How Microsoft Works


Microsoft founder Bill Gates has defined how we use computers. See more Bill Gates pictures.
StephaNe De Sakutin/AFP/Getty Images

Microsoft is a software company. It makes money by selling its software for use on computers.

That's an accurate summary, but it doesn't tell anywhere near the whole story. It doesn't tell you that Microsoft is a business empire without equal, that its products are used in nearly every computer on the planet, or that it has yet to reach the height of its power and influence. Microsoft has become a symbol of all that is great about the information age, as well as all that is less-than-great about it.

Although you may find yourself cursing the "evil empire" when your system crashes, or when you spend money on another upgrade, Microsoft is unsurpassed when it comes to powering information technology. Whether by cunning, innovation, determination, or a mix of these qualities, Bill Gates' Microsoft has defined how we use computers since the first IBM PC rolled out in 1981 with Microsoft's MS-DOS in its innards.

­So Microsoft rules the world, but just what does it do, anyway? In this article, we'll take a look at the history of Microsoft and find out how it competes in the market. We'll also explore how Microsoft's corporate culture factors into its success. Finally, we'll look at Microsoft products to find out how they benefit from the company's core advantages.

The Rise of Microsoft

Bill Gates founded Microsoft in 1975.
Bill Gates founded Microsoft in 1975.
Image courtesy MSN

Bill Gates and Paul Allen founded Microsoft in 1975 as the classic "garage start-up." They were part of the first leap towards personal computing with a difference. While Apple founders Steve Jobs and Steve Wozniak built both a machine and software (the computer code that gives the computer the ability to do the things it does) in it, Microsoft only developed software.

Another key difference between Microsoft and other "garage start-up" computer companies was that neither Gates nor Allen held illusions about the business world. Many of their peers were hobbyists and acolytes of the "Home Brew Computer Club," which resembled a 1960s era "rap session" instead of a business association. Gates and Allen (along with Steve Balmer) were running a commercial enterprise in a competitive market. If there was a competing product, then they had two choices: buy it or destroy it. Their first conquest was also their biggest: DOS (Disk Operating System).

To make a long and dramatic story short, IBM was building its first personal computer and needed an operating system to run it. The company approached Microsoft, thinking that it had one available. But Microsoft didn't make operating systems -- they just wrote computer languages. Bill Gates directed them to the makers of CPM, which was the reigning OS (Operating System) at the time. The culture clash between the IBM suits and the groovy style of the CPM manufacturers threatened to send the IBM PC into the dustbin of history...until Microsoft came to the rescue.

In what would become a typical move for the company, Gates and Balmer bought an OS for $50,000, which they in turn licensed to IBM for $80,000. Even in the early 1980s, $80,000 wasn't very much money. So what was Gates thinking? It turns out that he was thinking far ahead. He said as much when interviewed for the PBS series "Triumph of the Nerds": "the key to our...deal was that IBM had no control over...our licensing to other people."

Microsoft realized that the IBM PC was going to create a mass market for personal computers. Gates gambled that the business cycle would follow the mainframe model and spawn clones. Out of necessity, these clones would be obliged to pay Microsoft any price to use DOS, which meant that the company was the gatekeeper that PC makers had to pay to compete in the personal computing world.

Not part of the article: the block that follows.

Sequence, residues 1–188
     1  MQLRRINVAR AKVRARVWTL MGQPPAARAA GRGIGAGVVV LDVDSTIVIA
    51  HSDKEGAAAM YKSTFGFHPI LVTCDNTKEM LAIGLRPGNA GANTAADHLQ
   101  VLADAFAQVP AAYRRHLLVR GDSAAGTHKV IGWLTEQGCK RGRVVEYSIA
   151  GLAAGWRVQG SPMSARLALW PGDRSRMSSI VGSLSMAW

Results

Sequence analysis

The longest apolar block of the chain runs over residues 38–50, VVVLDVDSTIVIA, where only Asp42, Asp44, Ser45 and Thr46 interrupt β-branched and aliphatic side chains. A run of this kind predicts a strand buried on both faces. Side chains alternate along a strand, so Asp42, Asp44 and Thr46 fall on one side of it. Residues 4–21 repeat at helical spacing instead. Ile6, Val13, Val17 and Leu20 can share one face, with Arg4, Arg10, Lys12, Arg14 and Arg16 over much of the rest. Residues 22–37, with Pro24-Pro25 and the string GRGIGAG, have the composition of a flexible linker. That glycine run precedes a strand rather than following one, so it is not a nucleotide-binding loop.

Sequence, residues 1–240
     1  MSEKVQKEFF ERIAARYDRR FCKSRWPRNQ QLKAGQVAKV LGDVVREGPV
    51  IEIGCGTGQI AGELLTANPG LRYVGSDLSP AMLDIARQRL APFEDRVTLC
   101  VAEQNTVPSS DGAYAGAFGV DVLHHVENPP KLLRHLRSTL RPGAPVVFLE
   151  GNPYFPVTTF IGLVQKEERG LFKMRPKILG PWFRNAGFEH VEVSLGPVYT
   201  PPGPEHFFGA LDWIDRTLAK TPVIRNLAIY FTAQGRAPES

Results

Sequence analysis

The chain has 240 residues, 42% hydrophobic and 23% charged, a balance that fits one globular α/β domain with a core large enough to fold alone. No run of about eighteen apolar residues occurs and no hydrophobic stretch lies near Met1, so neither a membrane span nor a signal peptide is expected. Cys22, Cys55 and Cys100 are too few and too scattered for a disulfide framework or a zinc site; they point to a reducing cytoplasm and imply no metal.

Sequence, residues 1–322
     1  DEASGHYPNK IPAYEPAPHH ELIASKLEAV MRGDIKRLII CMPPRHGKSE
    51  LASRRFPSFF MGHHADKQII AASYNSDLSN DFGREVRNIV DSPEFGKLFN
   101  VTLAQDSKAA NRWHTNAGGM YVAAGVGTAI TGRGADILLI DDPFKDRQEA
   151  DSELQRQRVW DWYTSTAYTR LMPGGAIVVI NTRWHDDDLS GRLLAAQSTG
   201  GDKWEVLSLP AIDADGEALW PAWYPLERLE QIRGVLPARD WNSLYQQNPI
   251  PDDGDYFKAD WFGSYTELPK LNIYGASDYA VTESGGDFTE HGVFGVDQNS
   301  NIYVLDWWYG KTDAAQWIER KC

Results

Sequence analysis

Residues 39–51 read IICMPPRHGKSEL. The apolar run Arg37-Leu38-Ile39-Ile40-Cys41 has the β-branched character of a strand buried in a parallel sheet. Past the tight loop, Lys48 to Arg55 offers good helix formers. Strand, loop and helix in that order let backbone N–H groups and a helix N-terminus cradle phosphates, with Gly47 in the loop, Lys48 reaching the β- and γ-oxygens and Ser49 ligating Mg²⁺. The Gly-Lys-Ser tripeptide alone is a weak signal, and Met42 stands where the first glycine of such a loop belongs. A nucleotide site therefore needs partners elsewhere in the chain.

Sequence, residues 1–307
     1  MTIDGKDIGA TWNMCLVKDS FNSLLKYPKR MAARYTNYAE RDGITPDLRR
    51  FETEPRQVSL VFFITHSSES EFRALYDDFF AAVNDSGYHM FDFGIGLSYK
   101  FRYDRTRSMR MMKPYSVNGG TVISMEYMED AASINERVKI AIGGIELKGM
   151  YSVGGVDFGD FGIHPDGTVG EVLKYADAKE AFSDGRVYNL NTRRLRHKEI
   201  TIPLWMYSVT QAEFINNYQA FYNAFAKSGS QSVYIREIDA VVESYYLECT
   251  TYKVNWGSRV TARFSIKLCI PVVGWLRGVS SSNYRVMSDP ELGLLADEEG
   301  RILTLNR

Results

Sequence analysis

It worked.

From that moment on, Microsoft would out-fox, bully, best and co-opt all comers. It was simply a matter of finding new ways to reproduce the business model and the revenue it generated. Microsoft's shift from DOS to the Graphical User Interface (GUI)-based Windows operating system completed the cycle.

Next, we'll discuss how Windows came about and why Microsoft broke with IBM.

A GUI Opportunity

Image courtesy MSN

Apple's world-changing Macintosh hit the market in 1984 and was the first commercially successful PC to use a graphical user interface (GUI), making it user friendly. We use GUIs to interact with computers and networks today.

Bill Gates immediately saw the Mac as both a danger and an opportunity. The GUI could popularize computing on a level beyond the mass market created by the IBM PC and its clones, making it a threat to Microsoft's franchise. It also presented an opportunity to help Microsoft finish off its current opponent, IBM, and ensure its supremacy for years to come.

IBM and Microsoft had been embroiled in a battle over the PC's next operating system. IBM was collaborating with Microsoft on O/S2, a successor to DOS. IBM needed something other hardware makers couldn't clone. Microsoft played along until it became clear that the companies were at cross-purposes: Microsoft was trying to exploit IBM's market position and IBM was trying to put the DOS-genie back in the bottle. This precipitated a break, and Microsoft was on its own.

If Microsoft could create its own GUI to work on top of DOS, then Bill Gates was killing two birds with one OS. The impact of Windows from a business perspective was as strong as the Mac's impact from a user's perspective. Almost overnight, a boring, obsolete PC could become Mac-like at a tenth of the cost of buying a Mac.

Bill Gates had again adapted to re-define the computer market, and just in time. Just before Windows 95 launched, a company called Netscape went public. Microsoft also had to deal with another oncoming threat: the Internet. How would Microsoft deal with an open global network, seemingly powered by altruistic creators bent on giving their products away?

Easy, Microsoft said -- we'll give our stuff away too. The "browser wars" didn't last long and were particularly one-sided, with Internet Explorer ultimately triumphing over Netscape.

In the next section, we'll look at what gives Microsoft the decisive advantage in nearly every commerce endeavor that it undertakes.